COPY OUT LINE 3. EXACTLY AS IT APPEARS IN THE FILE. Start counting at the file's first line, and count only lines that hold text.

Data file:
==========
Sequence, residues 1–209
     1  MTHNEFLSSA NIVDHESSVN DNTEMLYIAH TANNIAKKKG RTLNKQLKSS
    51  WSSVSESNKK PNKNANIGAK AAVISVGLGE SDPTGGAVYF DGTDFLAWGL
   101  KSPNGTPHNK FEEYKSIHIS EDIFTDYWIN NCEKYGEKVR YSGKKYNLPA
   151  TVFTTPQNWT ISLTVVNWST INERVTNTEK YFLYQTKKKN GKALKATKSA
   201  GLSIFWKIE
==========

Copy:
    51  WSSVSESNKK PNKNANIGAK AAVISVGLGE SDPTGGAVYF DGTDFLAWGL